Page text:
Gaurav Parchani, Co-Founder & CTO, Dozee highlights that it is time that countries like India take adequate measures to ensure that all hospital beds in the country implement contactless RPM and EWS. This not only minimises morbidity and mortality in postoperative patients but also maximises clinical time utilisation of their health care staff to provide the best patient care possible
In today’s day and age, it is heart-breaking to know that globally ~29.7 lakhs of people die within 30 days of surgery due to post-operative complications. This is much higher than global deaths related to causes like HIV, malaria, and tuberculosis combined. If we consider just the United Kingdom (UK), data shows that about 10 per cent of the patients that undergo surgery, fall at high-risk of post-operative complications out of which 80 per cent result in postoperative deaths.
This problem needs an immediate solution that can address the massive scale of the problem in a simple and efficient manner – a solution at scale that predictive AI-powered technologies like continuous patient monitoring in wards can provide.
In recent years, we have seen a drastic increase in the number of high-risk patients in ICUs around the world, increasing the strain on ICU time, and optimisation of time the patients spend in the ICU (ALOS) has become a global priority. One of the ways to tackle postoperative mortality in patients is to monitor their health in the wards outside the ICU, thereby reducing mortality due to common complications like sepsis, which can be treated easily if caught early. Indeed, when continuous monitoring of patients is done in postoperative wards, it leads to fewer complications, reduced patient mortality and saves ICU time due to early intervention.
While this solution seems relatively straightforward, the limited ratio of nurses to patients (sometimes well over 1:25 compared to the recommended 1:4) outside the ICU makes it near impossible to collect such data manually.
Need to relook at manual spot-checks, which provide a sub-optimal level of patient monitoring
When data is collected by the nurses, timely interpretation of changes in the vitals and therefore intervention becomes a challenge, as nurses need to both collect data and make decisions on patient health in very limited time, increasing the probability of missing changes in the patient vitals. Indeed, the 2018 National Confidential Enquiry into Patient Outcome and Death Common Themes and Recommendations, London, reported delayed response, or failure to recognise the urgency of patient health, a few of the key themes leading to patient mortality in hospital wards.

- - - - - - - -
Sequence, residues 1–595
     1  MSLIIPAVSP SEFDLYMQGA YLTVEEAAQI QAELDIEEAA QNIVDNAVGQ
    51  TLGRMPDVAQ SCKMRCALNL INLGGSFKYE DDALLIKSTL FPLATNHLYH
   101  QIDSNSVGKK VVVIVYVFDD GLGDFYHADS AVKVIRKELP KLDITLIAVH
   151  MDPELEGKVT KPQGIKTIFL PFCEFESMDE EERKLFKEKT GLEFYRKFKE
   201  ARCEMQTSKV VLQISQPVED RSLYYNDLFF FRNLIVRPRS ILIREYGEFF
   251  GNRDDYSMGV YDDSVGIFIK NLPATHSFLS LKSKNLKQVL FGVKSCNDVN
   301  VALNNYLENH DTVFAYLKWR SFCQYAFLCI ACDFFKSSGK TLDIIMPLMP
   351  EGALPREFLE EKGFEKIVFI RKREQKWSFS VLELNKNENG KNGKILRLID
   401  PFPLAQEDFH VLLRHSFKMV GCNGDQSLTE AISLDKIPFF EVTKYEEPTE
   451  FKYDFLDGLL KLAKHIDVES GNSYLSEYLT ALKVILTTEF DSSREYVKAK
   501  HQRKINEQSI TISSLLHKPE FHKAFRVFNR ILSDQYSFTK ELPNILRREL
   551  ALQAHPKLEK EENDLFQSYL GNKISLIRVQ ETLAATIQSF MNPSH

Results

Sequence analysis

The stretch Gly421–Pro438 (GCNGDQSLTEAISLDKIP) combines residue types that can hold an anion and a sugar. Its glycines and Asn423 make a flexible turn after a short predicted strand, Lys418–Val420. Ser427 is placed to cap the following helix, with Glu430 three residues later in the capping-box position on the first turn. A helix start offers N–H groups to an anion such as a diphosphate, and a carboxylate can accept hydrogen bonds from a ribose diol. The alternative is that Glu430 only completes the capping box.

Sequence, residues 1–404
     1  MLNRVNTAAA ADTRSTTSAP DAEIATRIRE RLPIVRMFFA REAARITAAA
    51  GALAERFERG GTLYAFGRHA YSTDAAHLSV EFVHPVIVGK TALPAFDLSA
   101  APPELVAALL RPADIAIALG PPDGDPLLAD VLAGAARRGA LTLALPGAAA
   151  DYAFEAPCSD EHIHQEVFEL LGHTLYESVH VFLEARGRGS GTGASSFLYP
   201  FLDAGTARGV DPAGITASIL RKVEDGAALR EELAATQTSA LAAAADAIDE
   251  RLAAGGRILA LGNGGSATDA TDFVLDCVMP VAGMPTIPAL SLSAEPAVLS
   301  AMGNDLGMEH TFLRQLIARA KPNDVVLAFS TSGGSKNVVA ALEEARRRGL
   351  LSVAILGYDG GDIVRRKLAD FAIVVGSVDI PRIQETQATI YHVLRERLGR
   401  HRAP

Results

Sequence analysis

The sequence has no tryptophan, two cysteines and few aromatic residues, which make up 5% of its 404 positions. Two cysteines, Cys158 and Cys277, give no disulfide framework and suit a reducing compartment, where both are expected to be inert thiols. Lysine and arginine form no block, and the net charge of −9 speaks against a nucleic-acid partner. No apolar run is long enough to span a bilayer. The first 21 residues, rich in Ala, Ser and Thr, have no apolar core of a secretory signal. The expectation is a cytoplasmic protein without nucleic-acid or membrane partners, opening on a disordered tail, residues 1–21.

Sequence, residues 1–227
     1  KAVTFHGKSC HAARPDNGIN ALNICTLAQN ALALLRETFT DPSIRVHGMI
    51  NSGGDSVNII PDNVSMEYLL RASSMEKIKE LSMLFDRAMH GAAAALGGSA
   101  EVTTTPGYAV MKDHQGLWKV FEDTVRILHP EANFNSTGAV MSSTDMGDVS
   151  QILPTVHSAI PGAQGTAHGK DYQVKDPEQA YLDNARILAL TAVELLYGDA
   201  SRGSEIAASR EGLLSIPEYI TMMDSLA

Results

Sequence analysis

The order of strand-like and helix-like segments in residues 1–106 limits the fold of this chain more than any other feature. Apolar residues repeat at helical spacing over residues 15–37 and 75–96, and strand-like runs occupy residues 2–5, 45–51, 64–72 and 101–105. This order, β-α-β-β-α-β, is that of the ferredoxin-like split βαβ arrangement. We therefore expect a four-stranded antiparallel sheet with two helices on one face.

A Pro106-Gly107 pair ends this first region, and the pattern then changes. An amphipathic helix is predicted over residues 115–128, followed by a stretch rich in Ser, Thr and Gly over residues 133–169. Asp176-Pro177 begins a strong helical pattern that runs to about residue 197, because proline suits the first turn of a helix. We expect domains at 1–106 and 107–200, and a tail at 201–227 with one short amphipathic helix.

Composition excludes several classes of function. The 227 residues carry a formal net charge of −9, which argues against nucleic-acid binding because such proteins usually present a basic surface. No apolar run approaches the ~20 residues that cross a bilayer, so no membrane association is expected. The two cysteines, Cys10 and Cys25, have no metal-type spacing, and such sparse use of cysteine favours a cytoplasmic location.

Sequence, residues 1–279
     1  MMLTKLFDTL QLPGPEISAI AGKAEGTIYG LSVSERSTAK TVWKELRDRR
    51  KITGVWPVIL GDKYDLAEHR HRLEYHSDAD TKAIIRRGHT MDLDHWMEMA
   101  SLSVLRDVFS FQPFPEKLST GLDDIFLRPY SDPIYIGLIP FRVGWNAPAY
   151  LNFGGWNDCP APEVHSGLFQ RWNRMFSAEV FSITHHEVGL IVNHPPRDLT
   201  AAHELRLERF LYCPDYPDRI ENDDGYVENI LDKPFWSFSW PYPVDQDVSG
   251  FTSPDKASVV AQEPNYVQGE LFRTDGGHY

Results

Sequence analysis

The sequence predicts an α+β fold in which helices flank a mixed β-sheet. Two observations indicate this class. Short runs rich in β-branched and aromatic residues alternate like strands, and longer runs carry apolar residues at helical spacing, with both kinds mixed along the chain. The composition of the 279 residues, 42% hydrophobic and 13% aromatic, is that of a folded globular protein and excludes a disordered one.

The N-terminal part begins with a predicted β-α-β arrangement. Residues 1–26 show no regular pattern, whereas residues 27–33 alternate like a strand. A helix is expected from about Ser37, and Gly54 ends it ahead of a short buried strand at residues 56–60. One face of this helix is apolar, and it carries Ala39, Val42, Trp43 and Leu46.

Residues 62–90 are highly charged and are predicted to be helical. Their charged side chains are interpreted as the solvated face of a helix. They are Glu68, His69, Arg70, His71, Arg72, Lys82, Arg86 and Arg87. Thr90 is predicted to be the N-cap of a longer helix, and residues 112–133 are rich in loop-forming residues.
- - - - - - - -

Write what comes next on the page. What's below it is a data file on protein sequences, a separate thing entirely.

The way forward with Contactless Remote Patient Monitoring (RPM) and AI-powered Early Warning Systems (EWS)
Therefore, the most logical way to tackle this problem globally is through the use of medical technology like Contactless Remote Patient Monitoring and Early Warning Systems that have shown potential to significantly reduce the strain on ICU healthcare infrastructure and healthcare professionals’ time. Such technology can be used on all the non-ICU beds in the hospital to ensure that the post-operative patient is regularly monitored with the support of technology and the most critical patients are attended to promptly to reduce morbidity and mortality.
A study published by the Clinical Medicine Journal London, 2021, proved that contactless remote patient monitoring and early warning systems work in managing critical patients. The study further stated that the effectiveness of contactless monitoring of the postoperative patient, found an overall reduction of 39 per cent in the risk of mortality, ~3.32 days reduction of stay in the ICU, as well as a reduced risk of general patient health deterioration.
With more such evidence being reported globally, it is time that countries like India take adequate measures to ensure that all hospital beds in the country implement contactless RPM and EWS. This not only minimises morbidity and mortality in postoperative patients but also maximises clinical time utilisation of their health care staff to provide the best patient care possible.